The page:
Remembering a forgotten devotion sharing the Christmas wafer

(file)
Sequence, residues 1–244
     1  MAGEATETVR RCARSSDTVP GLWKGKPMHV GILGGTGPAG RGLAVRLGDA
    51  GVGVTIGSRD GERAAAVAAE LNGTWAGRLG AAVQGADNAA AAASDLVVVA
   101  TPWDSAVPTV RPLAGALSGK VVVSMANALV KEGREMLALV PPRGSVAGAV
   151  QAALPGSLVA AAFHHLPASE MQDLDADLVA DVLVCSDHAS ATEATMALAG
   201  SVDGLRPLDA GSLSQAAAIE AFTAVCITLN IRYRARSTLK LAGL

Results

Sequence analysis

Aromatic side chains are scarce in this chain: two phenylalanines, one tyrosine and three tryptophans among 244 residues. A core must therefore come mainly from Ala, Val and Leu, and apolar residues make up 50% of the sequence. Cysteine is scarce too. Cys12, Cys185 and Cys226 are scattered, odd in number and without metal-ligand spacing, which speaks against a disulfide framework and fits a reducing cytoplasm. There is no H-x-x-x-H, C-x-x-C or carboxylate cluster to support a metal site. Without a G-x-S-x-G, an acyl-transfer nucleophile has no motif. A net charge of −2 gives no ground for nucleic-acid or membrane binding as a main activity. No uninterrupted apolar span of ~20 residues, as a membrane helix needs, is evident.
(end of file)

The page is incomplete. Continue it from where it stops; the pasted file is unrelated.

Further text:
When you think in December about Catholic devotions and practices that have fallen into disuse, the one that comes to my mind at once is the custom that prevailed in Polish-American homes in my boyhood and well into my adult years. It was the Sharing of the Wafer on Christmas Eve, or in Polish, the Sharing of the Oplatek. In Europe the wafers (in the plural, oplatki) were baked and sold by the wives of parish organists. In America it was the sisters of the local convent who saw to it that every home in the parish was supplied. The Oplatek is a thin sheet of uncut altar bread with symbols of the Nativity impressed in it. “Oplatek” is derived from the Latin word “oblatum,” meaning gift or oblation, and has a Eucharistic connotation. Before the Christmas Eve supper, a meatless meal in former days, the head of the family would take his Oplatek in hand and speak of Christmas to all who were present. There followed the exchange of individual greetings, as first the head of the family shared his wafer with all the others while expressing devout good wishes, and then all others did likewise in turn. The Sharing of the Oplatek was sometimes the occasion of forgiveness and reconciliation of family members. It was always a warm, moving, sincere family event. During World War II, families sent Christmas wafers by mail to sons and daughters who could not be home for the Christmas Eve supper (called “the Vigilia” in Polish, “the vigil supper” in English). In the years I was growing up we always shared the Oplatek at my maternal grandmother’s on Christmas Eve. Only later, when I was more mature in the faith, did I understand why there were always tears in my grandmother’s eyes when we broke the wafer with one another in her dining room. When I moved to Lansing in 1975, I began to eat the Vigilia supper and share the Oplatek regularly again, after five years without it while I lived in Minnesota. The Sisters of the Holy Family of Nazareth, a religious community with its roots in Poland, were ministering at St. Casimir’s parish on Lansing’s south side. They prepared supper and provided Oplatki for the entire parish staff; and, until the shortage of vocations made them withdraw to Pennsylvania, they invited me to join them early every Christmas Eve. There were always some at their big table whose origins were not Polish, but they all caught on right away to the idea of the Oplatek: it is a symbol of the love Jesus brought to earth and bids us to share with one another. Because of the intermarriage of third- and fourth-generation people of Polish origin with other ethnics, the custom is dying out. It is heartily observed by the more recent Polish refugees and immigrants. The Holy Saturday custom of the Blessing of Easter Food Baskets has spread from the old ethnic parishes to the territorial parishes all over the diocese, according to published Holy Week schedules we see every year. That is a custom easier to understand than the Sharing of the Wafer, a ceremony that takes some getting used to.